Hurricanes and Typhoons
Hurricanes and typhoons are the biggest storms and Natural disasters in the world. Both kinds of storms start in the high seas, and if they move to land, wind, rain, and floods can lead to major destruction. In 2005, Hurricane Katrina devastated New Orleans. However, Katrina is very small compared to Typhoon Typhoon. Type hit Japan in 1979 and was 2,000 kilometers in diameter. The hurricane that hit Galveston on the Texas coast in 1900 killed 12,000 people. Today, the city is protected from the sea by walls 5 meters high.
Hurricanes and typhoons are spiral-shaped. Storm clouds revolve around a hole called the ‘eye of the storm’. The strongest winds are those near the eye of the storm, but the eye of the storm is calm as if nothing was around it.
Hurricanes are easy to track, but even today, scientists cannot predict when they will start and where they will hit on land. Instead, meteorological centers (air observation houses) control the paths and forces of hurricanes every hour. The fifth category is the strongest category in a hurricane with winds blowing faster than 250 kilometers per hour.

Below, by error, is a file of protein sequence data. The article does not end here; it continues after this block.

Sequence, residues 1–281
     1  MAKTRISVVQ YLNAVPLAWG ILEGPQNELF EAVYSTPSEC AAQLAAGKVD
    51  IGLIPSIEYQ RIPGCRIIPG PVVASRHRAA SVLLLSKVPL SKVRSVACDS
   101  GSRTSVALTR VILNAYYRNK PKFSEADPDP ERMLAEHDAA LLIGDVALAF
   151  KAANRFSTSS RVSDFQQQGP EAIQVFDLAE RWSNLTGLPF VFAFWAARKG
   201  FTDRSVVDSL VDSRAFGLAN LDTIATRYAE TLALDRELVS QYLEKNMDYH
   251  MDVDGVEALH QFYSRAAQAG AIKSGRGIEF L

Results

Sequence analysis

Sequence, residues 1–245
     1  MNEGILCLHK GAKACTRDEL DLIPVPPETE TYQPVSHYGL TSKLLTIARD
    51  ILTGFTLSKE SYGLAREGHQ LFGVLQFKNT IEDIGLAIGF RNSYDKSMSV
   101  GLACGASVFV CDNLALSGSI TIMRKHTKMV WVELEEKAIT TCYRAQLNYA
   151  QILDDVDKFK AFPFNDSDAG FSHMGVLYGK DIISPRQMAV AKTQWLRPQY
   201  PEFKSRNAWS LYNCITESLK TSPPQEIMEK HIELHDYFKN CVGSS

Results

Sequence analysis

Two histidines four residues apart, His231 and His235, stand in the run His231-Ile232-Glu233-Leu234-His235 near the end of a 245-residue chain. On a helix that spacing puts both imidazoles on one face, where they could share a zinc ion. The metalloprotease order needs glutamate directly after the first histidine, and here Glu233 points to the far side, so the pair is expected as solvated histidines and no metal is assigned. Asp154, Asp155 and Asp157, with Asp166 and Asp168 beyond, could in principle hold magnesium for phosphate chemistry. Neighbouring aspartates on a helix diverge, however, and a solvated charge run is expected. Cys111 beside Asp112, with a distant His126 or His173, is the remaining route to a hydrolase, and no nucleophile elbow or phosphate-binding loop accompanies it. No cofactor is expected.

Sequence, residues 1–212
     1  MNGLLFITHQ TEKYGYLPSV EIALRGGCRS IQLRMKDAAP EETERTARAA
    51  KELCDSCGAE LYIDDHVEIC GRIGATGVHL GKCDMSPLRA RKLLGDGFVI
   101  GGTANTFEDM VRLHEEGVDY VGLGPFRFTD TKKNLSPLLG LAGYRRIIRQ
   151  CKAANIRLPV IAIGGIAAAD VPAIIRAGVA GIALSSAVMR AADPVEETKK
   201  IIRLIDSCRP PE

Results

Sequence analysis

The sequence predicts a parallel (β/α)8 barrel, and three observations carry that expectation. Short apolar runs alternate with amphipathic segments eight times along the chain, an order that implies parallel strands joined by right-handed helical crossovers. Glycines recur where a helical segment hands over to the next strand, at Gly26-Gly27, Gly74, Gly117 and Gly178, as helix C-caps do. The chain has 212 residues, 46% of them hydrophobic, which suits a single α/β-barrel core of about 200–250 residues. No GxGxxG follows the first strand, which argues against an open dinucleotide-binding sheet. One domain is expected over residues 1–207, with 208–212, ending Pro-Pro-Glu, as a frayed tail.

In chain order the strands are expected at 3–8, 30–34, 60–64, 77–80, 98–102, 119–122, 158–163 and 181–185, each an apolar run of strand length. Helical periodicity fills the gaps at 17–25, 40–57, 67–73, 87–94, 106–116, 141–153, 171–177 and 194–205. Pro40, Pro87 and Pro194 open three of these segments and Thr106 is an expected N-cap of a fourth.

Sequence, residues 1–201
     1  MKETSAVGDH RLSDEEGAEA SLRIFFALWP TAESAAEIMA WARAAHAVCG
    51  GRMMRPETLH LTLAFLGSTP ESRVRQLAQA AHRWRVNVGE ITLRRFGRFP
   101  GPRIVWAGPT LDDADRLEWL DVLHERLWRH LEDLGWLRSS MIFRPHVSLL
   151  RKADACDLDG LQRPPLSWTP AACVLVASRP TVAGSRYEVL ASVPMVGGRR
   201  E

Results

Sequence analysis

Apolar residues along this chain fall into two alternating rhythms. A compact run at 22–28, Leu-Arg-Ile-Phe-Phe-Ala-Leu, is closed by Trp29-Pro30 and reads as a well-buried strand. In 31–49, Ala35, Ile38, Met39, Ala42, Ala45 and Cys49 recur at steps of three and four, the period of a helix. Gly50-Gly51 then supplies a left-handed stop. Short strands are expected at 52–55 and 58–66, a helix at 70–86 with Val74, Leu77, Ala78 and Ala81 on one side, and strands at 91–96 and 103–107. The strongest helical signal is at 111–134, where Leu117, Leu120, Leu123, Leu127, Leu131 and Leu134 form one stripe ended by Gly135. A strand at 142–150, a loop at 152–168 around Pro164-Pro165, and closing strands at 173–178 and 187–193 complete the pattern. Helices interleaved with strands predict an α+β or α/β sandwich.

Hurricanes and typhoons need a lot of heat. Therefore they always start in the tropics. These storms are named according to where they started. Beginning in the North Atlantic is called a hurricane, and those starting in the North Pacific are called typhoon. Those of the same type of storms in the Southern Hemisphere are known as tropical cyclones.
When a hurricane crosses a coast, it can carry seawater to land, causing floods, in which case the sea rises several meters above its normal level. When Hurricane Karina came ashore in 2005, such a storm caused chaos in New Orleans. The Mississippi River overflowed its bed, and strong winds ripped the houses from its foundation. A million people left their homes because of the flood.